Lau Wong-fat, the most influential indigenous clansman of the New Territories who was also dubbed the “King of New Territories”, died peacefully at his own home on Sunday at the age of 80.
Due to his deteriorating health, “Uncle Fat” had retired totally from public life right till his death since he made his last public appearance at a Heung Yee Kuk (the “Kuk”, i.e., the rural council) meeting back in July 2015 chaired by his son, Kenneth Lau Ip-keung, who succeeded him as chairman of the Kuk.
Despite his conservatism and clan background, Uncle Fat had displayed highly diplomatic and tactful skills in resolving differences with his adversaries and defusing political crises involving clansmen and the government over land issues, and this had earned him great respect not only from the pro-establishment camp but also from the pan-democrats during his lifetime.
Uncle Fat’s death has raised doubts among political circles over whether his son Kenneth Lau, who is said to be not very interested in politics, is capable of filling his father’s shoes and continuing to command the various vested interests and clans within the Kuk in the days ahead.
But as some pro-establishment lawmakers have pointed out, everything within the Kuk has remained steady, on course and on schedule over the past two years under the leadership of Kenneth Lau, who has also succeeded his father as a member of the Legislative Council representing the Kuk and the Executive Council.
As such, they are pretty optimistic that he can prove himself to be cut out for the job in the “post-Uncle Fat” period.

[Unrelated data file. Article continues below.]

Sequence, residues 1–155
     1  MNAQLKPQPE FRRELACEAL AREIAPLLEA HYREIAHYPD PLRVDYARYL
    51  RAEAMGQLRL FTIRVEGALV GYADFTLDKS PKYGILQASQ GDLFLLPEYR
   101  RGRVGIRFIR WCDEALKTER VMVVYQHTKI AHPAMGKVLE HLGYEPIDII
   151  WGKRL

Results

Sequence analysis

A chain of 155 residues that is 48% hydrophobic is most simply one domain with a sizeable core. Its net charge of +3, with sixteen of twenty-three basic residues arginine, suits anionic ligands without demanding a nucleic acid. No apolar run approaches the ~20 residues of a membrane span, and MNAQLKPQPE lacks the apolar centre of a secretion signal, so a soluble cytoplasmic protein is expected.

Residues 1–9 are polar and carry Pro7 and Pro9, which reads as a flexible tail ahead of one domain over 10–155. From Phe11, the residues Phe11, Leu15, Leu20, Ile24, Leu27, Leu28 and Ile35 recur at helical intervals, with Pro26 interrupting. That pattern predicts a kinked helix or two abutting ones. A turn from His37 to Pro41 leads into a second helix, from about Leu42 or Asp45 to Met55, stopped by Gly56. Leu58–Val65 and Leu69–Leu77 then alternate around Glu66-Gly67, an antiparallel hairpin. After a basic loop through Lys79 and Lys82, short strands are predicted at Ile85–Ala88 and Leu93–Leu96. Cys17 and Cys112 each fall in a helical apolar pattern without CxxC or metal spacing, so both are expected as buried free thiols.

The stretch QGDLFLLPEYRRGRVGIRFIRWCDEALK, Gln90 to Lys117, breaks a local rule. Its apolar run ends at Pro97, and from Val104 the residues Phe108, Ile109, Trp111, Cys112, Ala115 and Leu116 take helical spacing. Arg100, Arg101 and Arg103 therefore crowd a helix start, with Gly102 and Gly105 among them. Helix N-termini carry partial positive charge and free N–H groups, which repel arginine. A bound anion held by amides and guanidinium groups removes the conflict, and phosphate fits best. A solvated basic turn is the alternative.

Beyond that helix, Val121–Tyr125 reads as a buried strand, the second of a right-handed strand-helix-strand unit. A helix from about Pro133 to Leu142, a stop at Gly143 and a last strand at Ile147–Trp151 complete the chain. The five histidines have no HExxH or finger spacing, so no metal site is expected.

Bowie Hau Chi-keung, an ex-officio member of the Kuk, has also praised Kenneth Lau for his steady improvement in carrying out his duties as the chairman of the Kuk, and is confident that members of the Kuk will continue to stick together and support him in the days ahead, even though, he admits, “everybody in the Kuk is eyeing the chairmanship”.
Yet, some in the Kuk have also warned that although Lau might be doing a pretty good job as chairman for now, he still has no room for complacency if he wants to continue to stay ahead of the game in the coming days.
They said Lau has to face at least two major challenges: the increasingly intense competition for political predominance in the New Territories posed by the New Territories Association of Societies, which allegedly has the blessing of the Beijing Liaison Office, and the mounting public pressure for the Small House Policy, also known as “Ding’s right”, to be scrapped.
This article appeared in the Hong Kong Economic Journal on July 24
Translation by Alan Lee
[Chinese version 中文版]
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